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Where do you go, when the
unexpected happens?

“Care with Heart”

What does it mean to put your heart into your work – literally? Just ask Phil Panzica. An architect for over 42 years at Panzica Building Corporation, the company his father founded back in 1955, Phil led the team that designed and built the new Beacon Granger Hospital.

Coupling a new streamlined model of care with the latest medical technology, the one-story hospital puts around-the-clock emergency care and treatment for patients conveniently close to home. It is also home to some of the most sophisticated imaging and diagnostic services in the area.

The cutting edge

“During the building process,” Phil explains, “Beacon decided to put in this new state-of-the-art FFR-CT Scanner (FFR-CT stands for Fractional Flow Reserve-Computed Tomography), which makes a 3-D image of your heart in action.” As Beacon Granger neared completion in October 2019, the radiologist, Dr. Grantham, put out the word that they were looking for trial patients to put the new machine through its paces before the hospital officially opened its doors.

“I’m all in on a project, so I was all in on having that trial,” Phil says with a grin. “The actual time in the machine was 23 seconds. Immediately after, I was able to see the image of my heart as if they had taken it out of my chest and were rotating it.”

I was able to see the image of my heart as if they had taken it out of my chest and were rotating it. – Phil

As amazing as the images were to Phil, the real shock came ten days later when Dr. Grantham called him with the full results of his scan. Phil was at Beacon Granger Hospital meeting with the team to discuss the details of the opening. “That was on a Friday morning around 8:30,” Phil recalls. “Turns out I had over 95% blockage in my main artery.” Dr. Grantham advised Phil to see a cardiologist as soon as possible.

No warning signs

Not fully grasping the urgency of his situation, Phil had Dr. Grantham send the information to his regular physician, agreed to see a cardiologist, and went back to his workday.

“I had no warning signs that I recognized,” he said. “I would have a little pain here and there. Or I’d be doing yardwork and have to stop and catch my breath.” At 67 years old, Phil had considered it a normal part of the aging process; he just didn’t have as much stamina anymore. But with a family history of heart disease – his father had open-heart surgery at age 70 and his brother died of a heart attack – it ran deeper than that.

So, when Dr. Grantham called again at 11:30 that same morning to ask if he had seen the cardiologist yet – Phil took notice. He told me, “This is serious business. I want you to get in your car. I want you to leave the meeting right now. I don’t care what’s going on; go to the emergency room now.”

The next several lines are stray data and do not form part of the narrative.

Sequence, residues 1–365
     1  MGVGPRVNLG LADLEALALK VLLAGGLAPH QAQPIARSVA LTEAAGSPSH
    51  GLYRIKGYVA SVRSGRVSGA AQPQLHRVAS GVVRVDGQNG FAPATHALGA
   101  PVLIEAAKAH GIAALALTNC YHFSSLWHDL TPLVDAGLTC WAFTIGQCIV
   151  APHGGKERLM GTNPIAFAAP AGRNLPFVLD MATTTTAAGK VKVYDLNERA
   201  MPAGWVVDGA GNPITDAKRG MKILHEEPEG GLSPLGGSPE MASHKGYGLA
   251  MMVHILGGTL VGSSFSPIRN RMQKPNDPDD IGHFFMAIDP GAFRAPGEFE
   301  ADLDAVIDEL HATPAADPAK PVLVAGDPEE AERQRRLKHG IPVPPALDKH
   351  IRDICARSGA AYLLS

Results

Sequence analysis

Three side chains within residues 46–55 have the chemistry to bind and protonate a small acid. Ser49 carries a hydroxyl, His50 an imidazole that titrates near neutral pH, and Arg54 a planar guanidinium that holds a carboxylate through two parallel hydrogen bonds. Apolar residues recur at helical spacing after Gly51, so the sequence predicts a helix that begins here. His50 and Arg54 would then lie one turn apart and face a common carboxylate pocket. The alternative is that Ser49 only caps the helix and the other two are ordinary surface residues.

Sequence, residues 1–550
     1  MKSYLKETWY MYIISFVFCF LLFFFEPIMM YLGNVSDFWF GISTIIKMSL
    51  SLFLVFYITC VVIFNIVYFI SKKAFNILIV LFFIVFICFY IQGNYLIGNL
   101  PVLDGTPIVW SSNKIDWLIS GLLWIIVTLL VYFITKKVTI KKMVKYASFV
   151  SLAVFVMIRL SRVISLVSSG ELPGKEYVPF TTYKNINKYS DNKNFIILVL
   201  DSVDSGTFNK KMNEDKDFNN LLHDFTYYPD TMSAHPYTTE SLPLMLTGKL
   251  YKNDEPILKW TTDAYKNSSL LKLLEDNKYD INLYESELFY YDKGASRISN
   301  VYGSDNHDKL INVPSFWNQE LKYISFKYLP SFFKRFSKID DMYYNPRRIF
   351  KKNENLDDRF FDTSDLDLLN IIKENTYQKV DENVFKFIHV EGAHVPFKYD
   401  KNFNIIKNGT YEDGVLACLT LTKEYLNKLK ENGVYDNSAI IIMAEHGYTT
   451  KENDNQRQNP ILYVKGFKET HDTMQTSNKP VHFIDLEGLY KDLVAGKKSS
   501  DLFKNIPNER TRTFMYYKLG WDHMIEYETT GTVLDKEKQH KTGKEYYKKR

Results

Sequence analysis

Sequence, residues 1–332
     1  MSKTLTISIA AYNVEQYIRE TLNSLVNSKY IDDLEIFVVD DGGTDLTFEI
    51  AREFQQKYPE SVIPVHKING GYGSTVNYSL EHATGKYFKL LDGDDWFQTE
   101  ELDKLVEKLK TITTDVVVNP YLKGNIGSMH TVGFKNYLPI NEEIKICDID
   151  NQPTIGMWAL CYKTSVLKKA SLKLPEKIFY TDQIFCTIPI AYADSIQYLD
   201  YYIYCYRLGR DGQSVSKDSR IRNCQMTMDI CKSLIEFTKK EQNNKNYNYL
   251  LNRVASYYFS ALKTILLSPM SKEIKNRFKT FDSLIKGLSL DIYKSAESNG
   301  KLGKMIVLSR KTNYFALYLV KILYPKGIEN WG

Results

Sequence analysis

I had no warning signs that I recognized. – Phil

“Funny thing is,” Phil goes on to explain, “I’m sitting in the back of that meeting and I start feeling something. The artery under my jaw on the left side of my neck is saying… ‘hello.’ It doesn’t hurt; I just feel this pressure that I’ve never felt before.”

By 12:15, Phil was at the emergency department of Beacon Memorial Hospital. “I have a philosophy,” Phil says. “If a client does work with us, I’m going to do business with my client.” After several tests, Dr. Aslam confirmed that Phil would need stents to clear the blockage in his heart. He stayed at the hospital so he could be monitored until the procedure on Monday. “They gave me a sedative to help me relax, but I was awake the entire time,” Phil says. “I felt different as soon as I got off the table. I had no pain. I was only in the hospital for two days.”

A new perspective

Phil knows he’s a lucky man: lucky because his problem was caught; lucky because he did not have any heart damage. “Dr. Aslam told me, as severe as my blockage was, I would have had a debilitating heart attack. It would have completely changed my lifestyle – had I survived it.”

I have a new perspective. Moments like this remind you how important family is. – Phil

Today, Phil feels different – he has more energy and feels so much better. He’s doing the things he enjoys, spending time with family, skiing, golfing. “I have a new perspective; a new sense of urgency about how and where I spend my time. I lost both my parents. My father passed in August 2019; he was 95. My mother passed not even 100 days later. You realize how quickly life goes by. Moments like this remind you how important family is.”

He’s also grateful that Beacon Granger Hospital invested in FFR-CT. “Had we not been designing a hospital; had they not asked for trial patients; had I not raised my hand and said I’d participate… I might not be here right now.”

TAVR – Lifesaving Treatment for Severe Aortic Stenosis

If you have severe aortic stenosis and have been told you are not a candidate for open-heart surgery, Transcatheter Aortic Valve Replacement (TAVR) could be an option for you. Our TAVR care team is trained and highly experienced in this potentially lifesaving procedure.

Learn More

About Beacon Heart and Vascular Care

Whether you live with an ongoing heart or blood vessel problem or have a life-changing emergency, your Beacon care team is here to help.

Beacon Health Foundation’s focus is a direct outgrowth of Beacon Health System’s deep commitment to enhancing the physical, mental, emotional and spiritual well-being of the communities we serve. Our tax exempt identification number is 35-1536129.

*The quotations provided in this article are part of a testimonial from Phil Panzica; a patient at Beacon Memorial Hospital.